Thursday, May 14, 2009

Biology Query

So here's something I've wondered about for a long time:

Suppose that the endosymbiotic hypothesis is true. Doesn't that mean that there has been at least some inheritance of acquired traits?

Inquiring minds want to know...


Blogger The Mystic said...


8:23 AM  
Blogger Winston Smith said...


9:22 AM  
Blogger Unknown said...

I certainly don't know enough to answer your question, but apparently our reading interests are running along in parallel to some degree. I'm working my way (or perhaps better, stumbling my way) through "The Organic Codes: An Introduction to Semantic Biology," by Marcello Barbieri. If you look at "Life is Semiosis", my reasons for being interested in this guy will be obvious.

The Rev.

10:06 AM  
Anonymous The Dark Avenger said...

I've been familiar with this concept since it was known as the Margulis hypothesis, and even though the Wiki has raised it to the dignity of a theory, using two separate hypothesis for support is a bit weak for a theory as such.

So, that's #1, I don't think much of the idea in the first place.


It is also believed that these endosymbionts transferred some of their own DNA to the host cell's nucleus during the evolutionary transition from a symbiotic community to an instituted eukaryotic cell. This hypothesis is thought to be possible because it is known today from scientific observation that transfer of DNA occurs between prokaryotic species, even if they are not closely related. Prokaryotes can to take up DNA from their surroundings and have a limited ability to incorporate it into their own genome.This is, BTW, how drug-resistance gets transmitted from bacteria to bacteria, via plasmids.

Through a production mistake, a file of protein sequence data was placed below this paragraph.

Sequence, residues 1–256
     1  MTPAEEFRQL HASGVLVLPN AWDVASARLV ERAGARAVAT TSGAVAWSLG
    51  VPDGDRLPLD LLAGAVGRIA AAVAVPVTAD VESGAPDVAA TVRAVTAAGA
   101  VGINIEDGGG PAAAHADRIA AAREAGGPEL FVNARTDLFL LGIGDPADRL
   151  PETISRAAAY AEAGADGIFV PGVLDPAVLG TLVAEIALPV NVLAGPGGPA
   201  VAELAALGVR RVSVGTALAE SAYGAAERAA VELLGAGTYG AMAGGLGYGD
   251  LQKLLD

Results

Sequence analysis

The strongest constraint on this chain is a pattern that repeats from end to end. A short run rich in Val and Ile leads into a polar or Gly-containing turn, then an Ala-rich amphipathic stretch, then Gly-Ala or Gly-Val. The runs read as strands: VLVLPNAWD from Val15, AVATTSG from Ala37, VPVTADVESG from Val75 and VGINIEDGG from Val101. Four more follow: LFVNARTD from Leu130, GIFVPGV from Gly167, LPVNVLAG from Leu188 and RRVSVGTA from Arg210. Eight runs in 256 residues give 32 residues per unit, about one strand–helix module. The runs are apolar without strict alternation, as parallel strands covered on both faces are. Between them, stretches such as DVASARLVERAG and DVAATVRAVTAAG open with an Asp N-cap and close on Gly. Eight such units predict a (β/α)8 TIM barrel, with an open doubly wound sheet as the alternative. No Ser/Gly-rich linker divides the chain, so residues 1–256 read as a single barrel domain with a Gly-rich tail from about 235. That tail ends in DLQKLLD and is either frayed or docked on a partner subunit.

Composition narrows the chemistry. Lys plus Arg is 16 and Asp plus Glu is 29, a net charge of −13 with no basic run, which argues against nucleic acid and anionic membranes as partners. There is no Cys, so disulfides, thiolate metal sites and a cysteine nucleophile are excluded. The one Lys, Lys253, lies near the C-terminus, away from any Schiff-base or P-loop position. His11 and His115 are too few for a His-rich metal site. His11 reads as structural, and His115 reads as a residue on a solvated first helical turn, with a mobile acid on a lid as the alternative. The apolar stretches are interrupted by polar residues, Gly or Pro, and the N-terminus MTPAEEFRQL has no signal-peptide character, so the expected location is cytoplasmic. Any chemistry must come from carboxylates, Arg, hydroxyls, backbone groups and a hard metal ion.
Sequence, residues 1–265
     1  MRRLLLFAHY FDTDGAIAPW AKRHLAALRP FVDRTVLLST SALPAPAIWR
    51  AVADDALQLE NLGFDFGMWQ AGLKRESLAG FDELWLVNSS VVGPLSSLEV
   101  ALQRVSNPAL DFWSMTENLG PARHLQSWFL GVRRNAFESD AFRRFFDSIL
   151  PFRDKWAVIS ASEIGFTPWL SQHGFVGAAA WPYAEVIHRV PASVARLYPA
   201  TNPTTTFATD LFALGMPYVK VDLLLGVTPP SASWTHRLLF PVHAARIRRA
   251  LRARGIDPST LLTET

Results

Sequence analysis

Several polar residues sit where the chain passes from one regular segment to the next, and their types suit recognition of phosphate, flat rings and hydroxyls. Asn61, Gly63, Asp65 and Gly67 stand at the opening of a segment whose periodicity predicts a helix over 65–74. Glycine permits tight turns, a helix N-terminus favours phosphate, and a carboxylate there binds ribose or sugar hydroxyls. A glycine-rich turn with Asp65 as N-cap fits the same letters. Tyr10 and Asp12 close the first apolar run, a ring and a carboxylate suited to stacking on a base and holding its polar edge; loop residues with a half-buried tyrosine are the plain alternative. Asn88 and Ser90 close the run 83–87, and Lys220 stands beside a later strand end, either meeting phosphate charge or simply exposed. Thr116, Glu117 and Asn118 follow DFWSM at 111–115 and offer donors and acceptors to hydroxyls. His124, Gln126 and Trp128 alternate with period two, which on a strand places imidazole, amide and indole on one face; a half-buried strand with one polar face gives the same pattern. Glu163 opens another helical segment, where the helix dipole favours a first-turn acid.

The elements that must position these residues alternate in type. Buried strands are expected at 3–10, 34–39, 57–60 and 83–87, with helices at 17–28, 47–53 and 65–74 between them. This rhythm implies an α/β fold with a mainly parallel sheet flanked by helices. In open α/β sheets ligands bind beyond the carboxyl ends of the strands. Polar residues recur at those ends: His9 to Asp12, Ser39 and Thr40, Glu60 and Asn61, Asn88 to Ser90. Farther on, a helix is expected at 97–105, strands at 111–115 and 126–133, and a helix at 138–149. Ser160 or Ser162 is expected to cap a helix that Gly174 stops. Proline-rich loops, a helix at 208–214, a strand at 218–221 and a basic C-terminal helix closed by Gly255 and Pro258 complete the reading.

It's not considered an 'acquired characteristic' than an example of acquired DNA that then is replicated and expressed.

1:21 PM  
Blogger Winston Smith said...

Yo, Rev...I read the comment before I saw who left it, and my heart leapt when I thought I'd encountered an unknown weirdo out there interested in such things...

...but it was only you...

1:30 PM  
Blogger Winston Smith said...

Thanks, DA.

But I remain the idea that just because *some* DNA from the endosymbiots transferred into the host (or whatever it's called)...because that sounds like a cheat.

I suppose the question goes something like this: Cell C gets another cell, c, lodged inside it. C's offspring, C', ends up with a cell-like thingy, c', inside *it*. How did the trait *having a c/c'-ish thing inside you* get passed from C to C'? Solely in the normal ways + c passing genetic material into C? Or was there anything else involved? If the latter, it'd sound like inheritance of acquired traits to me.

The above undoubtedly contains several confusions.

1:36 PM  
Blogger lovable liberal said...

The implication of lots of biology being done now, not just the endosymbiotic hypothesis but everything recombinant, is that there's an awful lot of biochemistry going on that doesn't fit into the traditional species concept. Bacteria exchange genetic material all the time, so for instance antibiotic immunity can leap from species to species. Species expression itself is very plastic, to the point at which Lynn Margulis, last I read from her, discounts species distinctions between bacteria.

I don't know enough to judge her claim, but even the species concept for macrofauna is fuzzy, witness interbreeding between closely related species.

There's just no denying that inheritance of acquired DNA/RNA happens. We're even trying to harness it via gene therapies that are heritable.

What still isn't heritable is the acquisition by individual effort of phenotypes. Maybe a better way to state what's true would be: acquired phenotypes do not enter the genome.

But what do I know, I've just read a few popular books. Maybe you should ask PZ Myers.

5:31 PM  

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